With age comes wisdom, and alas, the much dreaded wrinkles. A pair of crow’s feet stamped stubbornly at the eye’s corners can add years to a face, while a permanent ridge beneath the brows can give off an unfriendly and unapproachable air. So it happens that along with age and wisdom, comes the search for the perfect anti-wrinkle product. For the woman seeking an effective, frugal solution, the Palovia Skin Renewing laser is a viable, try-able option.
Released in December 2010 by Palomar Medical technologies, the FDA-approved, at-home laser is touted as more efficient than creams and salves, and as effective as costly in-office laser treatments. At $499, it is pricier than a $14 dollar jar of L’Oreal Revitalift Cream, but cheaper in comparison to Fraxel fine laser skin rejuvenation ranging from $750 to $1,000 per treatment (4 to 6 treatments, spaced between 3 weeks, are considered necessary to achieve maximum results.
Does PaloVia Work Like Fraxel?
The laser works much like Fraxel fine, going below “skin deep” to target the skin’s bottom layers. A non-ablative laser, the Palovia heats the underlying skin layer with micro-fine light, stimulating the production of collagen, a connective tissue that supports the top layer of skin and creates a smooth and youthful finish. Unlike ablative lasers, Palovia does not burn off the top layer of skin, a painful undergoing that leaves the face raw, sensitive, and resembling something out of a horror movie. Nor does it shine the continuous light associated with ablative lasers; it uses fractional, evenly spaced lasers that promote healing instead.
Is PaloVia Easy To Use?
Perhaps even more astonishing than the immense technology built into the small, scanner-like apparatus is the relative ease of use and its incorporation into every nightly routine for a fresher morning face. The recommended laser treatment plan is divided into two parts: initial phase and maintenance plan. The first month of the plan requires daily usage, once a day for three to four minutes. After the first month, maintenance mode kicks in, with only a biweekly treatment.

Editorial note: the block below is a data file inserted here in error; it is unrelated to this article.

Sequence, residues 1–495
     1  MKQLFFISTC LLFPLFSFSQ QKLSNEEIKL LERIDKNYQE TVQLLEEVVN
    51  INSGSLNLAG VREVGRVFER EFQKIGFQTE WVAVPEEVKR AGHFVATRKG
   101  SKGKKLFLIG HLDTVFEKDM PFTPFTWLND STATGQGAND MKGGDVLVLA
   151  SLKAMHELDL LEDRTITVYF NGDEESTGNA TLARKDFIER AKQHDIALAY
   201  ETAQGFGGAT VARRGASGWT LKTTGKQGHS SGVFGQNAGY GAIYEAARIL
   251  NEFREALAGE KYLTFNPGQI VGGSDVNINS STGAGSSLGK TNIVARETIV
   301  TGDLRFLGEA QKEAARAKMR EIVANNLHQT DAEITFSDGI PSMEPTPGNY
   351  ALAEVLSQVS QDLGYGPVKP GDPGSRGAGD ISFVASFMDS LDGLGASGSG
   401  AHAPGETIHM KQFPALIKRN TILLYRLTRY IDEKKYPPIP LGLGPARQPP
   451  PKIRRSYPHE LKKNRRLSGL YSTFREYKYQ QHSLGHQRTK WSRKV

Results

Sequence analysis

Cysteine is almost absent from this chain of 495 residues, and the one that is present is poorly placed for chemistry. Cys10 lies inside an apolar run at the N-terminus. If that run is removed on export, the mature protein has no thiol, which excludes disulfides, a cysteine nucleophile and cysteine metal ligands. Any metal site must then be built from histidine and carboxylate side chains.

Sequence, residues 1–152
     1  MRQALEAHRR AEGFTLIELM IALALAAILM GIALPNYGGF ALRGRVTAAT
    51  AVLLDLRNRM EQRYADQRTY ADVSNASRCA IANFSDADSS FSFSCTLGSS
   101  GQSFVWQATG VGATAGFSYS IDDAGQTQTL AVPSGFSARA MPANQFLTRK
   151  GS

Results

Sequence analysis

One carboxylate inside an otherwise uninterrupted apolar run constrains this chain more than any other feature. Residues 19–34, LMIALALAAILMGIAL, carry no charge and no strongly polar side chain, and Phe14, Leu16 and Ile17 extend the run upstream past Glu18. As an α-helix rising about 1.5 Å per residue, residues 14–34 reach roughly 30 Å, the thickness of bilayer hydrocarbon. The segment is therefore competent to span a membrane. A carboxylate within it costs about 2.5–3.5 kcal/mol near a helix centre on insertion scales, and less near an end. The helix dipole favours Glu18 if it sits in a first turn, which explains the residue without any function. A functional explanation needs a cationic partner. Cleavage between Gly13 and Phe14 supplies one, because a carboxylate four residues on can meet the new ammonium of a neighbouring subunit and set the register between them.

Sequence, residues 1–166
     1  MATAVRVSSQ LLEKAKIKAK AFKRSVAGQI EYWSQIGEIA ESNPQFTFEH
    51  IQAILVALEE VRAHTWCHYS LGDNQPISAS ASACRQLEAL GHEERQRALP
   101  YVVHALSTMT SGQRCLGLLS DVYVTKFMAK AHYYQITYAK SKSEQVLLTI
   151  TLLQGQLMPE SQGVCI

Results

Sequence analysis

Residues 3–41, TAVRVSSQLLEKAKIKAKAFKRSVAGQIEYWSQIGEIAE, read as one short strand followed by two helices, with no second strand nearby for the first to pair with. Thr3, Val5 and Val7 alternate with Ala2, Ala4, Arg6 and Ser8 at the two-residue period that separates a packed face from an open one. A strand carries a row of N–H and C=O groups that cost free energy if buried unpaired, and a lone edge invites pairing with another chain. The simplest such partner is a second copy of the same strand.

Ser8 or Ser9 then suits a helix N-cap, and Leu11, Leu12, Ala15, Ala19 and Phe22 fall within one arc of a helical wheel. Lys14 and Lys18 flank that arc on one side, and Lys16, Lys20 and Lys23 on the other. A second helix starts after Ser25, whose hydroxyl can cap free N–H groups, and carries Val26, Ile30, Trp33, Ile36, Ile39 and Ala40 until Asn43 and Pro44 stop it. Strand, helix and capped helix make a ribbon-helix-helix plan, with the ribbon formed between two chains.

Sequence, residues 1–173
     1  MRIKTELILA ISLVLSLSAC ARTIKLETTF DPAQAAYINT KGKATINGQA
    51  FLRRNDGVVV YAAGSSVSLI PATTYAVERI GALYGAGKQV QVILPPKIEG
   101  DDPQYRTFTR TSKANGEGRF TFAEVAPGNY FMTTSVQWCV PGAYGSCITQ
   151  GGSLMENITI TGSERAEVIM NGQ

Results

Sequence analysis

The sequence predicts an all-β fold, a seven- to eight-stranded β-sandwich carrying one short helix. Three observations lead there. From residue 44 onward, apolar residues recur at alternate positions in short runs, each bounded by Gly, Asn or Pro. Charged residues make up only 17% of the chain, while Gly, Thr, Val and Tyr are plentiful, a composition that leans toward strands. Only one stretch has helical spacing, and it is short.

Is PaloVia Safe To Use At Home?
Although the Palovia resembles an innocuous, handheld barcode scanner, many skeptics express doubts over its safety features. No doubt most women fear zapping their eyeballs, or chasing after children firing lethal zaps at one another. With this in mind, the creators have installed several foolproof mechanisms: the laser only fires when all four corners of the window are in contact with gel-slicked skin, and a built in sensor shuts down the laser for 8 hours after 25 fires, most likely to prevent overzealous users from abusing the product and to account for misfires. And with three available settings – low, medium, and high – the laser’s intensity can be adjusted according to the skin’s sensitivity.
According to instructions, the Palovia must only be used on eye wrinkles. Many women, however, are trying the laser on mouth lines, the neck, and even on broken leg capillaries. As the skin around the eyes is the thinnest, and the laser is not as strong as an in-office Fraxel fine, you’re probably better off focusing on the eyes and face. Before buying the Palovia, it’s important to keep its intended target area in mind.
The Palovia laser is another great stride in medical technology, but it is important to remember that its effects, like those of any in-office laser, are not permanent. Normal wear and tear of collagen and elastin will create more wrinkles and cause old ones to reappear. Like any other beauty venture, the use of the Palovia laser is a constant process. And like any other body part, wrinkles require constant maintenance.